As vaccination campaigns are deployed worldwide, addressing vaccine hesitancy is of critical importance to ensure sufficient immunization coverage. We analyzed COVID-19 vaccine acceptance across 15 samples covering ten low- and middle- income countries (LMICs) in Asia, Africa, and South America, and two higher income countries (Russia and the United States). Methods Standardized survey responses were collected from 45,928 individuals between June 2020 and January 2021. We estimate vaccine acceptance with robust standard errors clustered at the study level. We analyze stated reasons for vaccine acceptance and hesitancy, and the most trusted sources for advice on vaccination, and we disaggregate acceptance rates by gender, age, and education level. Findings We document willingness to take a COVID-19 vaccine across LMIC samples, ranging from 67% (Burkina Faso) to 97% (Nepal). Willingness was considerably higher in LMICs (80%) than in the United States (65%) and Russia (30%). Vaccine acceptance was primarily explained by an interest in personal protection against the disease (91%). Concern about side effects (40%) was the most common reason for reluctance. Health workers were considered the most trusted sources of information about COVID-19 vaccines. Interpretation Given high levels of stated willingness to accept a COVID-19 vaccine across LMIC samples, our study suggests that prioritizing efficient and equitable vaccine distribution to LMICs will yield high returns in promoting immunization on a global scale.
When Nature Calls Back: Sustaining Behavioural Change in Rural Pakistan (with B. Augsburg, Z. Durrani, M. Vaidyanathan and Z. White)
We assess if behavioural change can be sustained through continued follow-up. We implement a field experiment in rural villages of Pakistan that had previously undergone a campaign that forms part of the national sanitation strategy, Community-Led Total Sanitation (CLTS). Implementing agencies continued to conduct engagement activities in randomly selected villages on a regular basis during the following two years. Within this period, 30\% of households in control villages stopped using functional latrines and slipped back to open defecation. Follow-up improved sustainability of sanitation behavioural change, by decreasing slippage back to open defecation and increasing the continued use of functioning latrines. We find suggestive evidence that the effectiveness of follow-up activities was not only sustained but intensified over time. Continued follow-up was primarily effective at sustaining sanitation behavioural change where initial conditions are unfavourable ---i.e. poor public infrastructure and low-quality sanitation facilities. Promotion efforts are hence best targeted towards those that are most likely to slip back into unsafe behaviour.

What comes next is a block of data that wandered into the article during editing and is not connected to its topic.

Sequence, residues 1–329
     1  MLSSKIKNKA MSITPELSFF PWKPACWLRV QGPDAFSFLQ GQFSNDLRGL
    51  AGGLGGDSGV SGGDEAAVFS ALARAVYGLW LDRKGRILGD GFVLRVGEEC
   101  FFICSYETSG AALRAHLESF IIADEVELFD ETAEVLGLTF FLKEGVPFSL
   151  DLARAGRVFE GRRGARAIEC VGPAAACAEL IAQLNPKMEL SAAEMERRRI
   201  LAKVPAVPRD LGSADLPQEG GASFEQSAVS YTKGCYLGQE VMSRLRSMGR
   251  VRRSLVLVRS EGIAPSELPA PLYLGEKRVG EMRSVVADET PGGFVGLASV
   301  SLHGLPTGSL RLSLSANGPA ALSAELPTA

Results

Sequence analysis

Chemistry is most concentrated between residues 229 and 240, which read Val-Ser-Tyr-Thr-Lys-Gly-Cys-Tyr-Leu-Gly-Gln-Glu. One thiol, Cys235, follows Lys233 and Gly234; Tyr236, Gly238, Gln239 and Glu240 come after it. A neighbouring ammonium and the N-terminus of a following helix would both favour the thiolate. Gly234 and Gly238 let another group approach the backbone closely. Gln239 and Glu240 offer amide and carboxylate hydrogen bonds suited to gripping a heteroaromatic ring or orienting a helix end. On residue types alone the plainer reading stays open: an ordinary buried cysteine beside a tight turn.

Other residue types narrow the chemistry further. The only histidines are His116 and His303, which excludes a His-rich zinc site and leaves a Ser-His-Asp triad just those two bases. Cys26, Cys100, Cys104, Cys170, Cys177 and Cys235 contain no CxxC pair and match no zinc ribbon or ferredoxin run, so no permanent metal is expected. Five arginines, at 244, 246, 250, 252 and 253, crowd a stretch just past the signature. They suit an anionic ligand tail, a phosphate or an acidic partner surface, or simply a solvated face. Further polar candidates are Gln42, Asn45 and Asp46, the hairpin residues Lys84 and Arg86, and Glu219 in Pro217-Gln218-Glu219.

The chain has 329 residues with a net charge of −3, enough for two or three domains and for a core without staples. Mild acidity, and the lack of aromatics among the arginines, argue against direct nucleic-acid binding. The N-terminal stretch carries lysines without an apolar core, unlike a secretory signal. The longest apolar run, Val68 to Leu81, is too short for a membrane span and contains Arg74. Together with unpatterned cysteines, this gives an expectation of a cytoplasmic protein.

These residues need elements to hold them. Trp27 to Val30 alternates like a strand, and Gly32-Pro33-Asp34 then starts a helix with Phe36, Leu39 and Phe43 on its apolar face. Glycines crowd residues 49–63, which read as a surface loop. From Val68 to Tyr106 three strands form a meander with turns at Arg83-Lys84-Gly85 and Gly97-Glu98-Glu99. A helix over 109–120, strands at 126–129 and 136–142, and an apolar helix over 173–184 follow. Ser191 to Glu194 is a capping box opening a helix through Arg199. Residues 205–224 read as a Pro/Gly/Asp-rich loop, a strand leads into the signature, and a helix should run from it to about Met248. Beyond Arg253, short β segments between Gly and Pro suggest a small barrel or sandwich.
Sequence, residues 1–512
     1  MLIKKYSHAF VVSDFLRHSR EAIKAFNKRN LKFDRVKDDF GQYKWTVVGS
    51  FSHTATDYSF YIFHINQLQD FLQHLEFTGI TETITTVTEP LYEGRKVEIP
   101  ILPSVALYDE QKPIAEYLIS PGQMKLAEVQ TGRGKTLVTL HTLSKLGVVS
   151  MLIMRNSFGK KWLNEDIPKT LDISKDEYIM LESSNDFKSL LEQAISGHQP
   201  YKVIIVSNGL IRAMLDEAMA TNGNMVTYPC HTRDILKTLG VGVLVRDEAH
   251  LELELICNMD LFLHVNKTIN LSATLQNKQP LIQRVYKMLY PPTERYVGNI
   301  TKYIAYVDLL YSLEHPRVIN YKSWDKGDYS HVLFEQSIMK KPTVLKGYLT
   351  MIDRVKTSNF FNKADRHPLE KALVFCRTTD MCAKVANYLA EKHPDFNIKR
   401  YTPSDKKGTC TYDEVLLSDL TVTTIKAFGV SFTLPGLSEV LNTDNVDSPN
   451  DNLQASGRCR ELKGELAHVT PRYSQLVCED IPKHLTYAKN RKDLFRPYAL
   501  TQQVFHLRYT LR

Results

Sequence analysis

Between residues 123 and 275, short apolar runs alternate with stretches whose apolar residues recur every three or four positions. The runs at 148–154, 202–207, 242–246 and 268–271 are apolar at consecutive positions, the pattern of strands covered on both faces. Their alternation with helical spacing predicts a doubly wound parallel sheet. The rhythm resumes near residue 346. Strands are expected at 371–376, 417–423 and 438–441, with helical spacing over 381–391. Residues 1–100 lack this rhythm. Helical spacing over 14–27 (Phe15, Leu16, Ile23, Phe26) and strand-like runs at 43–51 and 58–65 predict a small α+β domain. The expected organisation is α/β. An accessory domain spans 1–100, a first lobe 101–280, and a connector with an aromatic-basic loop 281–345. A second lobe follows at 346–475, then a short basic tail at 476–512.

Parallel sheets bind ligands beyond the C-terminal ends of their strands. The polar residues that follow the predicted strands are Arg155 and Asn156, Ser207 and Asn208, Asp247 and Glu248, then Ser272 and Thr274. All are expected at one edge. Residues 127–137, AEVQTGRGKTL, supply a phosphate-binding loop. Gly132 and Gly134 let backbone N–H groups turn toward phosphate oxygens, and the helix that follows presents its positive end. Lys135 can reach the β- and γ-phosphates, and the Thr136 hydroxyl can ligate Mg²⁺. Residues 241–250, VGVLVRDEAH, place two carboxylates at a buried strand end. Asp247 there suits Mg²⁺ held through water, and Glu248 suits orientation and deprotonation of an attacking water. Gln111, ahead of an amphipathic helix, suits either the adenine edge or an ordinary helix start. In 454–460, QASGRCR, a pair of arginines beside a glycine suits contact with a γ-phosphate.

COVID-19, Fake News and Religious Tensions in Slums of India (with A. Armand, B. Augsburg and K. Kumar)
One of the most, if not the most, at-risk groups of COVID-19 is the urban poor, living in overcrowded conditions with very limited access to public (health) infrastructure. We conduct phone surveys to analyse to what extent slum dwellers can and do respond to COVID-19 advise. We further run a field experiment to analyse whether social media can be successfully used to counter the spread of misinformation and fake news, as well as exploring religion bias in processing new information.
Effectiveness of Community Health Teams: Evidence from El Salvador
(with P. Bernal, P. Celhay and S. Martinez)
Access to high-quality preventive health care can deter mortality. Community health teams have emerged as an alternative to deficient formal health care provision in low- and middle-income countries, but the evidence on their effectiveness is inconclusive. Using quasi-experimental techniques and a fine-grain panel dataset of health records, we evaluate the effectiveness of a nation-wide reform in El Salvador that mobilized communities to access preventive healthcare. We find that the reform improved preventive behavior and reduced hospitalizations and deaths caused by diseases amenable to health access and quality.
Work in Progress
Municipal revenues and public employment:
The role of royalties from natural resources
The political economy of `white elephants':
Re-election incentives and completion of infrastructure projects
Financing health providers:
The case of universal health insurance in Peru
(with Juan Pablo Rud)
(with Claudio Ferraz and Gabriel Granato)
(with Gabriela Smarrelli and Marcos Vera-Hernandez )
Media and Blogs
Can ‘white elephants’ kill? Evidence from infrastructure development in Peru
Has COVID-19 ‘infected’ infrastructure development in Peru?
IGC and I4I
COVID-19 and the willingness to vaccinate: Evidence from India
The global sanitation challenge: Is there a silver bullet?
World Bank Development Impact Blog
Can White Elephants Kill? Evidence from Infrastructure Development in Peru
El coronavirus “infecta” la ejecución de obras públicas
¿Pueden matar los elefantes blancos?
University of St Andrews
London School of Economics and Political Science
Social Economics and Policy - LSE Teaching Excellence Award 2019